I wonder now if you were chumming a little, Chrissy. Are you setting me up for a "No CP at the goal line" thing here? ROTFALMAO
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Postby Chris Luva Luva » Tue Apr 17, 2007 7:35 am

tcwest10 wrote:I wonder now if you were chumming a little, Chrissy. Are you setting me up for a "No CP at the goal line" thing here? ROTFALMAO


Not all. You can put anyone back there as long as there is a hole for them to go through.

It was a legit question and I think it boils down to the line, the strength of the back, the WR's and the plays.

Can the line get enough of a push?
Are the plays easy to predict?
Is the RB stout enough to not get pushed backwards easily, how is his 2nd and 3rd effot?
Do we capable WR's/TE to run routes in the end zone?
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Postby JansenFan » Tue Apr 17, 2007 8:10 am

Let's blame it on Dockery, since he's gone. It was all Dockery's fault. Now we can put someone else in there and score every time.
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Postby Fios » Tue Apr 17, 2007 8:34 am

I think it's also a question of it simply being difficult to score on a goal-line stand. This might be overstating the obvious but you're allowing the defense to play the shortest field possible, the location itself eliminates several options for the offense.
The Chargers were far and away the leaders in rushing touchdowns last season but, and this is purely from my observations, it seemed as if a lot of those rushing TDs came from 5 plus yards out, giving LT time to hit the corner and use his speed to beat the defender as opposed to plowing through the line from the 1.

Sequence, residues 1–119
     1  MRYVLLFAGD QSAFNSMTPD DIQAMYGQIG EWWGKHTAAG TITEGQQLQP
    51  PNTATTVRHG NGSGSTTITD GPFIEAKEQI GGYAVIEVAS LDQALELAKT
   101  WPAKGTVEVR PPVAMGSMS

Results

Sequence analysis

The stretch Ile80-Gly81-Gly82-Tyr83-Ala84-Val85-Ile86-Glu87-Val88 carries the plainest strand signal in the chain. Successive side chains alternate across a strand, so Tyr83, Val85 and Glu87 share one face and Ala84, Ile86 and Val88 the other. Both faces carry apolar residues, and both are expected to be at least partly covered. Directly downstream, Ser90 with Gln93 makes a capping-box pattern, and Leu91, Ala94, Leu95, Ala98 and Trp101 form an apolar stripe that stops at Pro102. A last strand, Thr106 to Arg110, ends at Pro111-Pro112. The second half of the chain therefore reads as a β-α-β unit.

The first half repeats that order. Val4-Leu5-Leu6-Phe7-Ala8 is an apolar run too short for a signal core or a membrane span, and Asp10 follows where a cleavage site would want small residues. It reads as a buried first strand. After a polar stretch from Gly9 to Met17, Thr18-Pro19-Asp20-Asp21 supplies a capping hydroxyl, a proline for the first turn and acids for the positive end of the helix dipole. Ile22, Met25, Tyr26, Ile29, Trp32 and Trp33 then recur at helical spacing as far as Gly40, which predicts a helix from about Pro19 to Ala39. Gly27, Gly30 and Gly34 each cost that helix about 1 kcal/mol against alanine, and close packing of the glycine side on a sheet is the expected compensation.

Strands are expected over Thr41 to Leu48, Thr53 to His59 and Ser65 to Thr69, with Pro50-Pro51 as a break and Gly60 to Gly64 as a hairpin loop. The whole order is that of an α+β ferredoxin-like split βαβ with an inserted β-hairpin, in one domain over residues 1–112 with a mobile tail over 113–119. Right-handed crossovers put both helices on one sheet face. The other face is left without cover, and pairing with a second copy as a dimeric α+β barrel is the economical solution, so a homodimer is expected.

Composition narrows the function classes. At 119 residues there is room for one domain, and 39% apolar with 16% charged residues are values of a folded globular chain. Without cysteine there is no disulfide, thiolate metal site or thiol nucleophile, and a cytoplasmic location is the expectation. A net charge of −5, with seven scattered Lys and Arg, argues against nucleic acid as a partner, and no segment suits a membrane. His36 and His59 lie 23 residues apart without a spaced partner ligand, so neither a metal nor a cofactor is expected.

The Redskins were in the top half of the league in rushing TDs and if they had shifted to the run-first offense earlier in the season, we can reasonably say they would have been in the top 10 if not the top 5. My point is that I don't think it's a question of o-line strength, the Redskins had 123 rushing first-downs, fourth-best in the league. That, to me, is a much more effective measure of the o-line play when the team puts the ball on the ground. I would wager that most coaches would prefer a first-and-goal from the 5 to 10 yard line as opposed to the 4 and under.
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Postby Justice Hog » Tue Apr 17, 2007 1:37 pm

I say we bring John Riggins out of retirement.
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Postby Hill66 » Mon Apr 30, 2007 9:02 pm

The simple and right answer is the o-line just doesn't seem to want it as bad. Lets be honest here, all they need is 1 - 2 yards. Get them all in a 4pt stance and run a dive or a simple iso.
Then obviously you can play off that once the o-line gets their butts in gear (ie. play action, bootlegs, etc.)
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Postby BossHog » Tue May 01, 2007 8:51 am

Hill66 wrote:The simple and right answer is the o-line just doesn't seem to want it as bad. Lets be honest here, all they need is 1 - 2 yards. Get them all in a 4pt stance and run a dive or a simple iso.
Then obviously you can play off that once the o-line gets their butts in gear (ie. play action, bootlegs, etc.)